36th annual event features plants, antiques, music, food, history, and more
By Kathleen Brady Shea, Managing Editor, The Times
When an urban high school principal thanked a longtime Longwood Gardens educator for a class that fostered empowerment to “change the world one garden at a time,” the gratitude resonated.
The reason? Downingtown horticulturalist David L. Culp knew he had successfully transferred his enthusiasm to his adult student, reinforcing Culp’s passion for making a positive impact through plants. “When I hear something wonderful like that, it keeps me going,” Culp said in a recent interview.
Not surprisingly, his energy for beautifying his surroundings has cultivated many repeat visitors to the Downingtown Friends Fall Festival, where Culp orchestrates the plant sale. Now in its 36th year, the free festival will be held Oct. 13 from 9 a.m. to 4 p.m. on the historic grounds of Downingtown Friends Meeting on East Lancaster Avenue.
Diehard plant aficionados have learned to mark their calendars and arrive early because Culp eschews a garden-variety selection. He said some visitors have reported traveling from as far as Maryland and New Jersey for the sale. “I’ve been collecting for several months,” he said, promising some unusual peonies, Chinese clivia, and what sounds like an oxymoron: hardy orchids.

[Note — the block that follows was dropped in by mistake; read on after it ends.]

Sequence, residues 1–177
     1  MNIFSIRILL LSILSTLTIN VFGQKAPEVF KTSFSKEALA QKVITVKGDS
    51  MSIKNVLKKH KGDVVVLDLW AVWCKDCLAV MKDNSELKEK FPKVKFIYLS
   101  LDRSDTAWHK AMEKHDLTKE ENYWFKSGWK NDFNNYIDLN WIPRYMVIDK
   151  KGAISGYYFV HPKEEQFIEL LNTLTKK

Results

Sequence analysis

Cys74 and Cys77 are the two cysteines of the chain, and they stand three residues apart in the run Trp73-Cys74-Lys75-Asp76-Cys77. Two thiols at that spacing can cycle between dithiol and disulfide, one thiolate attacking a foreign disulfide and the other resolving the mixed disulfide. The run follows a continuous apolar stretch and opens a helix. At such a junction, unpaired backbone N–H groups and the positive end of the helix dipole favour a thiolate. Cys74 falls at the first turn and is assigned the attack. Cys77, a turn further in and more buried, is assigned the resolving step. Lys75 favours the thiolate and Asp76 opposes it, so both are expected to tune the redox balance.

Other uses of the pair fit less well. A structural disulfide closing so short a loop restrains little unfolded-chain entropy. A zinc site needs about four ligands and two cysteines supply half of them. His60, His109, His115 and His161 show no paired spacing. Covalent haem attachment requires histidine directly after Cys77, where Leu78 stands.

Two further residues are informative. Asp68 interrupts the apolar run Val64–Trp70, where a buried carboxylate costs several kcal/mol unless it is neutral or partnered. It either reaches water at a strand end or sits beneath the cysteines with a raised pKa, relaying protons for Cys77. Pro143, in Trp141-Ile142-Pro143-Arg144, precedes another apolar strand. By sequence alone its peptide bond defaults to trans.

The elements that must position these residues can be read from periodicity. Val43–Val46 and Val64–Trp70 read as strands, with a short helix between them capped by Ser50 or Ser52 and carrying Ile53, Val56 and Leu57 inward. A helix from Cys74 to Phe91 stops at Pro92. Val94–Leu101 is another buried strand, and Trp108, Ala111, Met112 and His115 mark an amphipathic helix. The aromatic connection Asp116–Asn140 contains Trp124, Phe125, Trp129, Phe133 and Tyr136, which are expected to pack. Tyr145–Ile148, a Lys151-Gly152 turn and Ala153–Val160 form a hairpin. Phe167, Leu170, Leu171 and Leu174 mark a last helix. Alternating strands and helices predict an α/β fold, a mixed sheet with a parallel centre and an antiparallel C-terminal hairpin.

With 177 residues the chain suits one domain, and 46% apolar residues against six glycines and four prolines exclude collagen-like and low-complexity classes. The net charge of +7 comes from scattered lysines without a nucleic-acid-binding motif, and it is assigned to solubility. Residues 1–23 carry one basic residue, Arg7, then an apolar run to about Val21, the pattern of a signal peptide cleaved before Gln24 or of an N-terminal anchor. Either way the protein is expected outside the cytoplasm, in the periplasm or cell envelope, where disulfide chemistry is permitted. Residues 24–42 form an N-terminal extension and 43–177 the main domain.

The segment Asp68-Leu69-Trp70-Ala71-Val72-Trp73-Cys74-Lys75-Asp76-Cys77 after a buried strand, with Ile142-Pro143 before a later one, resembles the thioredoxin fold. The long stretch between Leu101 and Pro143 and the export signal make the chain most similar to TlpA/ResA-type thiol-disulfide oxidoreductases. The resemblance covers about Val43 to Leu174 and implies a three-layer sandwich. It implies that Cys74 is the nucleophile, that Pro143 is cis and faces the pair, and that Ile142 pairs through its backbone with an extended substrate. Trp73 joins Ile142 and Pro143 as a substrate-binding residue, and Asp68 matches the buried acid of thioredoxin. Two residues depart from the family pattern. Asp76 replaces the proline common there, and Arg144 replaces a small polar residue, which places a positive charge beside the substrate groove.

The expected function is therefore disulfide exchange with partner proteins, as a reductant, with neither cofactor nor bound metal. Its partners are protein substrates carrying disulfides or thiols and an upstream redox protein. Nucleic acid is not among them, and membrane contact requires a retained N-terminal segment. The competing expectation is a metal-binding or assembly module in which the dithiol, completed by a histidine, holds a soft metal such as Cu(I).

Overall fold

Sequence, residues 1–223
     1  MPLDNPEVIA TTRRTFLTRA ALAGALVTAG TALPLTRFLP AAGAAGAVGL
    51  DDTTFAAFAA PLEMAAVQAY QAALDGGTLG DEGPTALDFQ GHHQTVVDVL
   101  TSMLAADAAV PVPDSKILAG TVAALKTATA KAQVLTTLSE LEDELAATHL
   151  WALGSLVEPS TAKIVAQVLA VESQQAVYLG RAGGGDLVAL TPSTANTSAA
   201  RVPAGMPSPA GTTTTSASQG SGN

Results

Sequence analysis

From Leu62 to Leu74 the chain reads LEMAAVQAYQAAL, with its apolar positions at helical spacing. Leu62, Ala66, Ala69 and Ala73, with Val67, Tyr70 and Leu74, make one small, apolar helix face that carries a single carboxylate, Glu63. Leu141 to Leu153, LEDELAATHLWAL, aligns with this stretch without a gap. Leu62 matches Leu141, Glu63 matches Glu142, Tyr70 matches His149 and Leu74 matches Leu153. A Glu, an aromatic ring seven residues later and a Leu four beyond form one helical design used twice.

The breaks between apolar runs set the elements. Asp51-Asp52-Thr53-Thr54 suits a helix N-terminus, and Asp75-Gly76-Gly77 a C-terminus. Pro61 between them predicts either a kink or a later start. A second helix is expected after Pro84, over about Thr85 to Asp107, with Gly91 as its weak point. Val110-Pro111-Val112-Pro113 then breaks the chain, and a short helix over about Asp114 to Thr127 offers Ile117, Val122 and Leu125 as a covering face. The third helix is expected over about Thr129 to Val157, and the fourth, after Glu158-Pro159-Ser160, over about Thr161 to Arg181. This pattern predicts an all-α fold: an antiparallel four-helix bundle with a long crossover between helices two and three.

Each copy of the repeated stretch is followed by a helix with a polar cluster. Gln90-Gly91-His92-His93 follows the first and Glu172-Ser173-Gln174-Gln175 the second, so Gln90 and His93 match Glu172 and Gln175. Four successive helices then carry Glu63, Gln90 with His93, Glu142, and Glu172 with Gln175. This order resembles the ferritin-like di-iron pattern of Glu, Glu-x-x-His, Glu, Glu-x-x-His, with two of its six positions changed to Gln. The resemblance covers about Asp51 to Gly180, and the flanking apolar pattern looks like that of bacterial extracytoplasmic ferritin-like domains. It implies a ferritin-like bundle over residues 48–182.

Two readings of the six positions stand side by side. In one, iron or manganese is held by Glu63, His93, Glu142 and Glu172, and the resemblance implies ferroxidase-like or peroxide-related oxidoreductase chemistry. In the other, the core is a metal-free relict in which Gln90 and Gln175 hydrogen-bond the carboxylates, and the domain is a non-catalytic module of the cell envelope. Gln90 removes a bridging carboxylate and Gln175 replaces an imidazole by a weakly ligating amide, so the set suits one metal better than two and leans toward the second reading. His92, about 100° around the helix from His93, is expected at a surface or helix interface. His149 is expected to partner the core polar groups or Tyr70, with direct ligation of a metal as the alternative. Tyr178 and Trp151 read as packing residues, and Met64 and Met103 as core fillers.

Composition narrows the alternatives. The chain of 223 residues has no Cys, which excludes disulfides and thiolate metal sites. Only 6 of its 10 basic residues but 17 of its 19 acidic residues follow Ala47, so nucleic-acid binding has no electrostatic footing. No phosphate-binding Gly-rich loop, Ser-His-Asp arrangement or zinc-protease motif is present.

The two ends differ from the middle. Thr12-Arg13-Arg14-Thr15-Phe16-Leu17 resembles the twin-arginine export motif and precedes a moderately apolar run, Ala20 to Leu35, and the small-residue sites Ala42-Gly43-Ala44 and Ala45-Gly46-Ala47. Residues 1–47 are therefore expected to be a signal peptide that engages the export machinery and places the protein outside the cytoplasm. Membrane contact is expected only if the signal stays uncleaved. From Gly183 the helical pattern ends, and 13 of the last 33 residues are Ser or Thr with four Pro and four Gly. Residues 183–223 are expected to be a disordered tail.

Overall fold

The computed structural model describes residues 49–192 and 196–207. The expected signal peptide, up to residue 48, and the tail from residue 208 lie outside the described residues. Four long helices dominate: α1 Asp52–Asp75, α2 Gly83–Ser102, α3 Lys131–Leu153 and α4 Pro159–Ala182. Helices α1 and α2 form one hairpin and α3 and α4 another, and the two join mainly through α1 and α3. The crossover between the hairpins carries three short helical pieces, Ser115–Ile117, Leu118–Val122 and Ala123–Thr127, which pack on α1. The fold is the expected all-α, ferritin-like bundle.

Culp, whose 1790s farmhouse property, Brandywine Cottage, is a garden-tour favorite, espouses a multi-textured, naturalistic landscape, an approach that he has shared in numerous publications such as Horticulture, Colonial Home and Fine Gardening.
This year, he has a new offering for festivalgoers: his first book. As long as the initial shipment arrives in time, he said he plans to sign copies of “The Layered Garden: Design Lessons for Year-Round Beauty from Brandywine Cottage.”
If you’ve never met a plant you couldn’t destroy, the festival will have myriad alternatives, all with a backdrop of culinary offerings and live music. “The Friends Mercantile” will attract treasure-hunters with an assortment of new and gently used items, books, and antiques. Bargains will also abound in a silent auction.
For children, activities will include pumpkin-decorating, face-painting, spin art, crafts, and games, such as mini-golf. History buffs will want to tour the meeting house to see an exhibit of antique Quaker clothing and memorabilia. At 1:30 p.m., reenactors will recreate the first wedding held at the meeting house in 1806; photos with the wedding party will be welcomed.
Downingtown Friends Meeting is located at 800 E. Lancaster Ave., just west of Wegman’s, with ample free parking. For more information, visit www.downingtownfriendsmeeting.org/fallfestival.htm.